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Whole lotta love 

Patty Griffin faces what she's made of

click to enlarge Griffin on her breakup with Robert Plant: 'It's just life, you know?' - JOY FERA/SHUTTERSTOCK
  • Joy Fera/Shutterstock
  • Griffin on her breakup with Robert Plant: 'It's just life, you know?'

Like a learned Greek philosopher, Patty Griffin has a lot of wisdom to communicate regarding her uplifting new album, Servant of Love, her 10th. There's just one little problem.

"I'm really bad at saying this stuff," she confesses, reluctantly. "If I knew how to do that, I'd be out there doing that, instead of writing songs."

How is the Grammy-winning artist feeling at 51? Rather than answer directly, she responds with a fable from her past. Two and a half decades ago, when she was married, working as a waitress in Boston, and just beginning to explore the folksy songwriting that would eventually become her career, she took the subway into work every day. And every once in a while, she would wind up sitting next to some jabber-jawed schizophrenic, talking to himself, nonstop, for a ride that lasted 30 minutes.

Just picture it, she invites: "There's nowhere to go and the train's packed. And there's nothing that this guy can do about what he's got going on, but there's something in you that can't accept that. And you find yourself getting mad at him."

Which is a terrible mistake, counters the Zen-like performer, who delves into such everyday moral dilemmas on Servant. "It's insane," she declares. "It's insane to get mad at this person, because this is a person, yet another part of this gigantic organism and mystery that we're in the middle of. So is there another way to feel? Sitting next to this person on this crowded train? I think it's really important to challenge yourself on those things, if you can.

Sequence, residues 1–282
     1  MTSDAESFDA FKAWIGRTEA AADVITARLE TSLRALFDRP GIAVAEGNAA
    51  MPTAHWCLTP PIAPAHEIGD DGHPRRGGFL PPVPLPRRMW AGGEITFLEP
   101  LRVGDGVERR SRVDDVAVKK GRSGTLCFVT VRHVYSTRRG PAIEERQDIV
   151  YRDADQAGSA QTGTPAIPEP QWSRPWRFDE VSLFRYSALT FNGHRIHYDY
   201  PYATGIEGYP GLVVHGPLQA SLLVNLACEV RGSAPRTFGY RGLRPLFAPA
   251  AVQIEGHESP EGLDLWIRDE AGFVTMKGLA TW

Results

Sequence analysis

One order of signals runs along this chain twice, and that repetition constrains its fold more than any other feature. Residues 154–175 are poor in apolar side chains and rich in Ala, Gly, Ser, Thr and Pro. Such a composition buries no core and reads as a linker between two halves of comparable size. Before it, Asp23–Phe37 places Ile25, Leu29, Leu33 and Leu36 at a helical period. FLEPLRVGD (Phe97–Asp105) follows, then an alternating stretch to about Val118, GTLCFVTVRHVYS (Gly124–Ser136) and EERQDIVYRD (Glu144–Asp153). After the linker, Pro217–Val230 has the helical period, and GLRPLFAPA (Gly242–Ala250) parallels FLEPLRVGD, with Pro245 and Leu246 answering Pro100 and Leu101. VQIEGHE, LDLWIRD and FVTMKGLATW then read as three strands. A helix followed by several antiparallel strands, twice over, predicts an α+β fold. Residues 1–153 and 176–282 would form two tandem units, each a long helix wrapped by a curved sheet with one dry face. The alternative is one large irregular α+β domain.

"And by the way," she adds, conspiratorially, "I avoid subways like the plague because I'm claustrophobic."

Griffin was also born extremely shy — something she had to overcome when she first stepped on a coffeehouse stage, post-divorce, back in 1992. "So I don't always like walking down the street and making sure that I smile and say hello to everybody who's walking their dog in the opposite direction," says the Austin native. "But I do do it. And it's a small, tiny thing to do. But to me, it means, 'I see you. You're not invisible to me.' And it makes a difference. It makes a difference to see your world, look who's in it. And try not to turn away from what makes you uncomfortable."

On Servant, released on her own imprint through Thirty Tigers, Griffin comes across like a crowd-pleasing motivational speaker. Or perhaps some serpent-handling preacher, immune to fanged societal toxins.

Either way, the record could have been a vitriolic spitefest — Griffin's lengthy relationship with ex-Led Zeppelin firebrand Robert Plant recently ended, after the couple was dividing time between respective homes in Britain and Texas. But she doesn't dwell on it, and calmly rationalizes the breakup with, "It's just life, you know? It happens all around — a lot of that goes on."

And she reaffirms her faith in romance, and mankind itself, in the opening title track, an oddly forlorn, piano-based ballad punctuated by horns and her whispered lyrics: "I long to live by the ocean / Carry me away, I'm a servant of love."